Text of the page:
« Last Edit: March 30, 2014, 10:04 AM by Doug S » Logged

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« Reply #173 on: April 04, 2014, 04:34 PM »

I reframed the Bird of Prey (BOP) 48 and 62 that were made with multi-colored PC31.  The new frames that I used and indicated in my recent prior posts are CSTís DPPô Pultrusion Carbon Tubes.

On the BOP 48, I replaced the frame with T505 0.079 in. carbon tubes, which reduced the weight of the kite from 32.5 to 31.3 grams or by 3.8%.  My goal was not to reduce the weight of the kite, but use what I hope is a more durable carbon tube.  On a hard accidental pull with the old frame, I split the old tube just outside of the center joiner.  Flew the BOP48 last night and have the center of gravity dialed in.  This kite is very responsive and fun to fly in a light breeze, with a typical sail loading for a PC31 gilder kite.  Having a higher sail loading of 0.0602 grams/square inch (g./sq.in.) of projected sail area, you have to give this kite a little more room to turn.  Smooth and controlled line inputs provide very rewarding responses from this kite.  This is because this BOP48e kite with its higher sail loading glides faster than the version made with the Cuben fabric, 0.059 in. carbon tubes, which only weighs 11.3 grams.  Also, for this sail loading, I am finding that a static margin around 2% works best, whereas for the ultra-light versions of the BOP, a static margin closer to 1% works best.

Regarding the BOP62, I replaced the frame with the T506 0.098 in. carbon tubes, which reduced the weight of the kite from 57.9 to 52.7 grams or by 9.9%.  The revised sail loading is 0.0608 g./sq.in.  Most of the weight reduction was from reducing the diameter of the center spine from 0.125 in. to 0.098 in.  The 0.125 in. center spine was too stiff and was not allowing enough of bow along the center of the sail.  Also, this kite was a little nose heavy, so I removed some of the nose weight.  On a glide, the BOP62 is very majestic due to its size, but I need to make some additional fine adjustments to see if I can get it to perform like the spunky BOP48.  Looking to make it a little less stable and a little more responsive on the flying line.  Spent last night matching the setup from the BOP48, regarding the static margin, and wing spar and batten tension on the sail.  Waiting for Mother Nature to behave again to test fly this larger BOP.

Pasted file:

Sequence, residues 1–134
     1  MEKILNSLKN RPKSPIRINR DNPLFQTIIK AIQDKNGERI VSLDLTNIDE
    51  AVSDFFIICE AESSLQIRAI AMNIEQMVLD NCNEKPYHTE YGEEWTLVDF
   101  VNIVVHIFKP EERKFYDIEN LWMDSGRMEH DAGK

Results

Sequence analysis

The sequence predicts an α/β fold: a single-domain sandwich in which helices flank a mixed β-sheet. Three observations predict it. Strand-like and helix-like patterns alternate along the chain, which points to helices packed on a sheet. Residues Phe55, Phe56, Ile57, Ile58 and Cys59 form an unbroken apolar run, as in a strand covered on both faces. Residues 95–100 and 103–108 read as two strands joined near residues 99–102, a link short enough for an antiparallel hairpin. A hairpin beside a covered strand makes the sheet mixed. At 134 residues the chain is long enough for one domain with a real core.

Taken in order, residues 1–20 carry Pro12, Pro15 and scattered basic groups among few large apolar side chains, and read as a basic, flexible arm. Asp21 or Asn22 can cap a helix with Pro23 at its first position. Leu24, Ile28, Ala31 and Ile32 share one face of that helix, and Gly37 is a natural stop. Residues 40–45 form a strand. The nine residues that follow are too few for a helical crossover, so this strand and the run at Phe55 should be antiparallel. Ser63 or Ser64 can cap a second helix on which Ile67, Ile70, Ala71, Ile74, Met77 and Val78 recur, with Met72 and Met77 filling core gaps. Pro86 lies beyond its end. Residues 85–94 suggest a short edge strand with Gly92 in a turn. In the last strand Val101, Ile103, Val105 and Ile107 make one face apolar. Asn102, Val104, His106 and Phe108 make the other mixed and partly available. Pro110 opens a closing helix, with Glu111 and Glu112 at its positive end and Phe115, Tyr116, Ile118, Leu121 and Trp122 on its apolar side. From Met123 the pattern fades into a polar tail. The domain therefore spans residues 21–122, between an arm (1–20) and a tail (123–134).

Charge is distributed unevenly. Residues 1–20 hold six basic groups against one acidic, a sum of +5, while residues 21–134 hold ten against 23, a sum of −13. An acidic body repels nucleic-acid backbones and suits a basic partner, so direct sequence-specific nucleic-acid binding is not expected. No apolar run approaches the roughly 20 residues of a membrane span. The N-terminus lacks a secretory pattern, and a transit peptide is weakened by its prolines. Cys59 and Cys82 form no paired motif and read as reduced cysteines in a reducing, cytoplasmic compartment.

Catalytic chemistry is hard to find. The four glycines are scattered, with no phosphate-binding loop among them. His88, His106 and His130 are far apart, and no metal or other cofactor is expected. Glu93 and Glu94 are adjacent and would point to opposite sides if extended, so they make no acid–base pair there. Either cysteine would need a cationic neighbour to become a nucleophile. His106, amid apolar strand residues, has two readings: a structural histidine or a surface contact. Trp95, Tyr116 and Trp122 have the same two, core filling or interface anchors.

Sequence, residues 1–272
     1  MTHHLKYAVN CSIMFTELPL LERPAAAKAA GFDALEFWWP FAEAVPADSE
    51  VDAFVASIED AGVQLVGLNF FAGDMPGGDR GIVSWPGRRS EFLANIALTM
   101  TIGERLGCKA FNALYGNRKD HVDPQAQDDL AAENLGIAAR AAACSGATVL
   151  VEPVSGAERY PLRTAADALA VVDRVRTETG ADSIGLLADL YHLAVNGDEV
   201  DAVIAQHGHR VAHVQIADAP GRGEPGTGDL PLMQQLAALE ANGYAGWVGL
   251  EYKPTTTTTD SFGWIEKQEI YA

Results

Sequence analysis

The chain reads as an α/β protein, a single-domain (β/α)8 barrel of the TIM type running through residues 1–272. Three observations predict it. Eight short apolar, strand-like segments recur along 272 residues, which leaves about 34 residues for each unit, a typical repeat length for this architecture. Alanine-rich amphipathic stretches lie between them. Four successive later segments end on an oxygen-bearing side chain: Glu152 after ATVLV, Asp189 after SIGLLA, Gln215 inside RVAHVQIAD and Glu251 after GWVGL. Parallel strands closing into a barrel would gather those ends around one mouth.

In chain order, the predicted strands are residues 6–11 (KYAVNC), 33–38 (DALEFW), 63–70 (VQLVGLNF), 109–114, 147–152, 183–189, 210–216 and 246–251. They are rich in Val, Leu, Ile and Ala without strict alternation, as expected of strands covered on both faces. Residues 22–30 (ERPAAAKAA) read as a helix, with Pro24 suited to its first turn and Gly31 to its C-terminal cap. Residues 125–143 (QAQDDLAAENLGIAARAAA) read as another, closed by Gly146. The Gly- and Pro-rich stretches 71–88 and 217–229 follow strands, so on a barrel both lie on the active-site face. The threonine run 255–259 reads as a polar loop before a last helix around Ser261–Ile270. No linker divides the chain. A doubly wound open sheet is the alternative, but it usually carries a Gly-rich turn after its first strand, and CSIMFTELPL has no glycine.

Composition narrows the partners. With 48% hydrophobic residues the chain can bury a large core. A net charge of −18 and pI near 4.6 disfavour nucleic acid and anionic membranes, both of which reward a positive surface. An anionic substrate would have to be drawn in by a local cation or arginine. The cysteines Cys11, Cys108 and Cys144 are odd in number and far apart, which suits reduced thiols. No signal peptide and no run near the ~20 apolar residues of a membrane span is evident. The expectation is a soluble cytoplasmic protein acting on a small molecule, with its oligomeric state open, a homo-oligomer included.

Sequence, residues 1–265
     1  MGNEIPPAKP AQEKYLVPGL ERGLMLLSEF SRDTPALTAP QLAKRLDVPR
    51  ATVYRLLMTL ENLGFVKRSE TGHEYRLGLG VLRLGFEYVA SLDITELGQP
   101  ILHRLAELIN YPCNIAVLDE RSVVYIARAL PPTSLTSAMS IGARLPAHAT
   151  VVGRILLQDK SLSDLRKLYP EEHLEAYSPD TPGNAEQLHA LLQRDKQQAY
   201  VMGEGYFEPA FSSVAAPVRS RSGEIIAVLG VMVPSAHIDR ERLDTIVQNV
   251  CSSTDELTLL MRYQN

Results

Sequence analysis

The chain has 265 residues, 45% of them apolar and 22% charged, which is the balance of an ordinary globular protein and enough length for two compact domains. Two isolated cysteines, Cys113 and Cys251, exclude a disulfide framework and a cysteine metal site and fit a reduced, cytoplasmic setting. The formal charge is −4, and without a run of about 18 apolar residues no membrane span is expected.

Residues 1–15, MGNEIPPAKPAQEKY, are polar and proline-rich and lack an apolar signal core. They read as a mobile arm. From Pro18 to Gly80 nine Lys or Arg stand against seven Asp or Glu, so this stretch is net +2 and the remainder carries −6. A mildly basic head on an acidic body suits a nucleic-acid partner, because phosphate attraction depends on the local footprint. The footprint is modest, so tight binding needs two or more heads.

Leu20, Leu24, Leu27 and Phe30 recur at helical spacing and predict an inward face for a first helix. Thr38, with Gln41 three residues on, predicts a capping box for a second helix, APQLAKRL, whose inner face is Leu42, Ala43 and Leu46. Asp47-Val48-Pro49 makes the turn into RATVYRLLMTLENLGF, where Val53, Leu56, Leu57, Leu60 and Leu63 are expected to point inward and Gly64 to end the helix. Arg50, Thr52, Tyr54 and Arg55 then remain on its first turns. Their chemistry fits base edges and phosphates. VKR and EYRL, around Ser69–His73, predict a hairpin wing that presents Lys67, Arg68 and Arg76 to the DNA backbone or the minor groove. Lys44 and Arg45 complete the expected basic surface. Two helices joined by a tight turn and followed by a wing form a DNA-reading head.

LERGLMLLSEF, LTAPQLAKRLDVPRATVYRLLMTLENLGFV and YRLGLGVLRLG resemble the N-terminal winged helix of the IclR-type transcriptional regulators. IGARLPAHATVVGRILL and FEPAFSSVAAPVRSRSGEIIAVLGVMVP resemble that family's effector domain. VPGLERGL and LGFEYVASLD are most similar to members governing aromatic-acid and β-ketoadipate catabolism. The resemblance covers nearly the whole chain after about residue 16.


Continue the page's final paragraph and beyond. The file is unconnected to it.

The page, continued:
Later,

Doug
« Last Edit: April 04, 2014, 06:44 PM by Doug S » Logged

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« Reply #174 on: April 04, 2014, 04:49 PM »




                   Awesome work!
                 
                    Mike
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« Reply #175 on: April 05, 2014, 06:31 AM »

Downloaded your table, thanks!  We work in very different kite building worlds.  Kind of like a Gossamer Eagle and a Cessna Citation Smiley  Both designs very good at what they do...

The following link provides access to the subject chart, so you can see the preliminary results from my measurements.

https://drive.google.com/file/d/0B_TPx1W-lkmSMjcteEZ5WS1nbTA/edit?usp=sharing

Working on a table of the measurements and calculations, along with other charts.  The micro carbon rods obtained from various sources in our kiting industry over the past 5 years, such as Kites and Fun Things and Goodwind Kites.  The micro carbon tubes were obtained from Kites and Fun Things.  The items identified with "CST" were obtained from CST, The Composite Store.

Enjoy,

Doug
« Last Edit: April 05, 2014, 07:17 AM by stapp59 » Logged

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« Reply #176 on: April 05, 2014, 07:44 AM »

Mike and Steve, thank you for your kind words.  Regarding the deflection results, I haven't had time to prepare a summary version of the table for others to use, along with other charts.  Hope to have them available this coming week.  My analysis helped me objectively reframe a couple of my Birds of Prey (BOP).  Just the engineer in me, doing my thing.